Then Jim and I were off and running ourselves, with the kids, trying to figure out how the heck to get to that freakin' finish line before Megan did. Not knowing the city at all, not having uninterrupted service on my iPhone that would provide me a map and direction and GPS or something of use, I asked another spectator for assistance. He told me how to head in the general direction, "but I don't know how you're going to get there with the way they have the roads all jacked up," he said. "Just get as close as possible then walk as fast as you can," was his only suggestion.

Thing is, that "general direction" he gave was off by about 15 blocks. Or maybe my interpretation was off by about 15 blocks. And in those 15 blocks, the tension in the car rose. Baby Mac was hungry, Jim was frustrated at my (usually stellar) navigation skills, and Bubby was asking from the back seat, "Why are you so mad?" The "you" meaning me and Jim, as we were bickering and not being our best Gramma and PawDad selves by any means. But gee freakin' whiz...we couldn't get to our daughter who would soon be wrapping up an incredible feat and it appeared we weren't going to be there as promised.

And we weren't. Just as we got as close as we could possibly get, the point from which we'd have to quickly pop open the stroller, throw the two boys into it and make our way across a seemingly endless obstacle course, heading for the very same finish line as Megan—where Megan would be—my cell phone rang.

It was Megan.

She'd crossed the finish line.

And wondered where we were.

Oh, the humanity, er, humility...of having to tell my daughter I'd failed. I'd failed to get us there on time, I'd failed to get photos of her accomplishing her goal, I'd even failed to get one front-facing photo of her at the one single moment the gods did allow us to see our pink-clad racer girl despite our missteps.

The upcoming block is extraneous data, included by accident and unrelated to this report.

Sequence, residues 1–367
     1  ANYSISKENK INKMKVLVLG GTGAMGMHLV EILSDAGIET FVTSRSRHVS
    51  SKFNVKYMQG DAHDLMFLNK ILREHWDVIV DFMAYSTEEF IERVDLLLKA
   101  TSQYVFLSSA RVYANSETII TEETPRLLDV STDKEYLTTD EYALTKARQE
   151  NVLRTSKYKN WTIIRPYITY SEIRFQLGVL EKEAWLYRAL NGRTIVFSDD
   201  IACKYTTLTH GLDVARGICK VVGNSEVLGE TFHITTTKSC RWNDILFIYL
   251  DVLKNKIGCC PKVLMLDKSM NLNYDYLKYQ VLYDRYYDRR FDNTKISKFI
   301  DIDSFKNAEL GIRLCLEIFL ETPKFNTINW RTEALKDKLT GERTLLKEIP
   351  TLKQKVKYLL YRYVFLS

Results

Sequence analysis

No big deal, Megan assured us, just get here. Call when you get to the finish line, she said.

With my tail between my legs I got us there. And I got a few photos of Half-Marathon Megan with her medal:

... and of Half-Marathon Megan with her babies:

I failed at my task. Megan didn't. At all. She finished her very first half marathon in a respectable 1 hour 54 minutes and 52 seconds. An amazing feat any time, but especially impressive just six months after having a child.

Oh, and that 1 hour 54 minutes? Exactly the time (well, minus the 52 seconds) I guessed the night before, when Preston, Jim and I all put in our guesses for what Megan's final time would be. While I'm not so proud of my mom fail when it came to getting us to the finish line for photos, I am, in a very small way, proud of my accurate guess on Megan's time. (I gotta take my successes any where I can find them.)

In all seriousness, though, and in a very large way, I'm proud of Megan—my marathon-running mommy/daughter—and all she's done to get where she's at.

(Disclosure: All guilt mentioned above was purely self-inflicted; Megan never took me to task nor seemed even slightly disappointed at my failure to come through as promised. Yet another reason I'm proud of her.)

Today's question:

Describe a recent fail on your part...and/or a recent moment that filled you with pride?